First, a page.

"It's not necessarily that plug-ins aren't or can't be secure, but that running a browser within a browser doubles the potential attack surface in a way that we don't see is particularly helpful," said Amy Bazdukas, Microsoft's general manager for IE.
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Bazdukas also said that by running Chrome Frame, Internet Explorer 8 (IE8) users were unwittingly discarding all the private browsing protections that Microsoft built into its newest browser.
"Chrome Frame breaks the privacy model of IE," she claimed. "Users are not going to be able to use IE's privacy features, something that's not made apparent to users. They're essentially circumvented."
Bazdukas also maintained that IE8's browser history deletion feature is crippled by Chrome Frame; users who decide to erase the history may think it's working, but it's not.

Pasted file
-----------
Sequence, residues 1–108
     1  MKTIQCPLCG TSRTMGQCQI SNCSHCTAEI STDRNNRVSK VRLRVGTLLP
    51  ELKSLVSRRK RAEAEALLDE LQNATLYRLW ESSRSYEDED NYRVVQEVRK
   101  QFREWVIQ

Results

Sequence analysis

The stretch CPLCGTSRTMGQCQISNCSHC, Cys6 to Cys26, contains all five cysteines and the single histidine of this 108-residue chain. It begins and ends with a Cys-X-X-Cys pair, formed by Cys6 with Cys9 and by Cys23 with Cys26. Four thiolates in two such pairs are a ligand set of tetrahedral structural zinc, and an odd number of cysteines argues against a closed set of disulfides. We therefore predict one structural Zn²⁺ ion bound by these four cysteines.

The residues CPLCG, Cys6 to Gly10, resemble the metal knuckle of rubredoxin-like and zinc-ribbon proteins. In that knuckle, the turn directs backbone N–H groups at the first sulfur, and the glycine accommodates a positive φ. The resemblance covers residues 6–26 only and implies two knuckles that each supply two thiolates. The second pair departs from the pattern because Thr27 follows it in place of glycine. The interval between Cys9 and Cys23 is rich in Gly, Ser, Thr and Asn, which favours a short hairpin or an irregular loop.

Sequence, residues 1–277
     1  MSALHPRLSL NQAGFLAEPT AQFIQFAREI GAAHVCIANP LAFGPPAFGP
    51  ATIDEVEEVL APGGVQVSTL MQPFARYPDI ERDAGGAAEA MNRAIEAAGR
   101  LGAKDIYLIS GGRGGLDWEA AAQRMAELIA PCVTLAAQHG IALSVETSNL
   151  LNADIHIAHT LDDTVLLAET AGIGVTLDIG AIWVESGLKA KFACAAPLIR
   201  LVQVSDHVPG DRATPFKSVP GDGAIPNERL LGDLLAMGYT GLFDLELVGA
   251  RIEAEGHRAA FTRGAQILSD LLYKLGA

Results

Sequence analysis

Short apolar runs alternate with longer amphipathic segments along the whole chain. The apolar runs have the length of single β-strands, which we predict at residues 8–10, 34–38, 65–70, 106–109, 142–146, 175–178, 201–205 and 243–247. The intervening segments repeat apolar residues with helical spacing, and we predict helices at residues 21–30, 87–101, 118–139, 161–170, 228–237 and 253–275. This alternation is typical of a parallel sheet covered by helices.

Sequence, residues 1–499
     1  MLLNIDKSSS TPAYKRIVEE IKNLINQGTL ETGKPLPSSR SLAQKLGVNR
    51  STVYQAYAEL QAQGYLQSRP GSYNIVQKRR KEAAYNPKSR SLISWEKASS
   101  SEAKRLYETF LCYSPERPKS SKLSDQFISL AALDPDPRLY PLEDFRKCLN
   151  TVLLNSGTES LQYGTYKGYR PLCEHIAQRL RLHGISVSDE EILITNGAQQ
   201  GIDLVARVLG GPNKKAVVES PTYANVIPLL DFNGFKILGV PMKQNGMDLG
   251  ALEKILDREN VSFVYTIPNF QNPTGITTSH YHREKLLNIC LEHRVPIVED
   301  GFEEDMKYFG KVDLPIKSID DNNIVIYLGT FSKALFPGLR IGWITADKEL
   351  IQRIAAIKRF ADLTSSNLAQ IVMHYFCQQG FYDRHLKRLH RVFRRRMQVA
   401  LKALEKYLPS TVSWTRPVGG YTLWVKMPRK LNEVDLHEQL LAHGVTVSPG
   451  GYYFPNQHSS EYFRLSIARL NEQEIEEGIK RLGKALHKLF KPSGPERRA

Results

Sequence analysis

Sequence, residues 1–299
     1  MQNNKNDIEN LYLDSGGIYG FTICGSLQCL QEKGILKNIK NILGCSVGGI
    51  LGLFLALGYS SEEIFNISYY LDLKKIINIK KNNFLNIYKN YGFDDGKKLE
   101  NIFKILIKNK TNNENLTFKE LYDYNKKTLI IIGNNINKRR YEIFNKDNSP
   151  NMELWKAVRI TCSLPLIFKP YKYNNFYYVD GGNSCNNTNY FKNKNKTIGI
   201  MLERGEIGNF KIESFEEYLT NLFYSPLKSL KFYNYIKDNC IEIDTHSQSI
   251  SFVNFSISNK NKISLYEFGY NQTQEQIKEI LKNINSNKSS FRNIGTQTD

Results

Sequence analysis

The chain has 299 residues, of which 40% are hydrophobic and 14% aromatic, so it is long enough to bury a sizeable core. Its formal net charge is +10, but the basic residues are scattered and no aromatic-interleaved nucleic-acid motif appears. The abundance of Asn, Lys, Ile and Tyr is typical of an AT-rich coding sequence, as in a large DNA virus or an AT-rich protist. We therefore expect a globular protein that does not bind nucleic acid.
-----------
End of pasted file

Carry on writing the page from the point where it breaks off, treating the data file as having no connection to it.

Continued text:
In a statement earlier today, Microsoft said using Chrome Frame is not "a risk we would recommend our friends and families take." Bazdukas, however, got more specific.
"We're not saying that there's a specific security vulnerability in Chrome Frame, but the concern that plug-ins in general have had regarding security issues adds a new potential threat when Chrome Frame is used. Users have told us that they're looking for a better and safer browser, and we can't see how [using Chrome Frame] will deliver that."
The extra speed and HTML 5 support are necessary, said Google, if IE users are to run advanced Web applications such as Google Wave, a collaboration and communications tool that Google launched in May.
Bazdukas tied Google's release of Chrome Frame to its rival's desire to promote Wave, but at the expense of IE. "Chrome Frame is all about supporting the impending release of Google Wave," she argued.